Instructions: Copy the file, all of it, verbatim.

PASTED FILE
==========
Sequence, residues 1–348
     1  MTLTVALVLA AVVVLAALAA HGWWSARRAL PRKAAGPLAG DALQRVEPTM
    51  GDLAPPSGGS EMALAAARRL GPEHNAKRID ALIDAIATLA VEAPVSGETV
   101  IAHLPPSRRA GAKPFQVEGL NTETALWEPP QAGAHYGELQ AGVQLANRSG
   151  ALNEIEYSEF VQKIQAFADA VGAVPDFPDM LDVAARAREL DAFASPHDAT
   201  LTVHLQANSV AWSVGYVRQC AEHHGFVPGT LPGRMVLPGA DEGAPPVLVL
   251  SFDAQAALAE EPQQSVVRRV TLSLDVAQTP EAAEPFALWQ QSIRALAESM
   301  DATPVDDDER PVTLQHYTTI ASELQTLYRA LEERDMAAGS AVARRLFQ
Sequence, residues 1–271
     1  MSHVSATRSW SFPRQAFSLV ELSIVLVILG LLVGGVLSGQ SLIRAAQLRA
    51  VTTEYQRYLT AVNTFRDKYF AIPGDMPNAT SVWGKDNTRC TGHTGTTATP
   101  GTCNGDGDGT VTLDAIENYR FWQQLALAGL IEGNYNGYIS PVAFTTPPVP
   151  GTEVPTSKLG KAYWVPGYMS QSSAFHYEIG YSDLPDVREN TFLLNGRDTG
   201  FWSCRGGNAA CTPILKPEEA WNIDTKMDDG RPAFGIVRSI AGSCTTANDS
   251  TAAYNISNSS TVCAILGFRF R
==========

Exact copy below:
Sequence, residues 1–348
     1  MTLTVALVLA AVVVLAALAA HGWWSARRAL PRKAAGPLAG DALQRVEPTM
    51  GDLAPPSGGS EMALAAARRL GPEHNAKRID ALIDAIATLA VEAPVSGETV
   101  IAHLPPSRRA GAKPFQVEGL NTETALWEPP QAGAHYGELQ AGVQLANRSG
   151  ALNEIEYSEF VQKIQAFADA VGAVPDFPDM LDVAARAREL DAFASPHDAT
   201  LTVHLQANSV AWSVGYVRQC AEHHGFVPGT LPGRMVLPGA DEGAPPVLVL
   251  SFDAQAALAE EPQQSVVRRV TLSLDVAQTP EAAEPFALWQ QSIRALAESM
   301  DATPVDDDER PVTLQHYTTI ASELQTLYRA LEERDMAAGS AVARRLFQ
Sequence, residues 1–271
     1  MSHVSATRSW SFPRQAFSLV ELSIVLVILG LLVGGVLSGQ SLIRAAQLRA
    51  VTTEYQRYLT AVNTFRDKYF AIPGDMPNAT SVWGKDNTRC TGHTGTTATP
   101  GTCNGDGDGT VTLDAIENYR FWQQLALAGL IEGNYNGYIS PVAFTTPPVP
   151  GTEVPTSKLG KAYWVPGYMS QSSAFHYEIG YSDLPDVREN TFLLNGRDTG
   201  FWSCRGGNAA CTPILKPEEA WNIDTKMDDG RPAFGIVRSI AGSCTTANDS
   251  TAAYNISNSS TVCAILGFRF R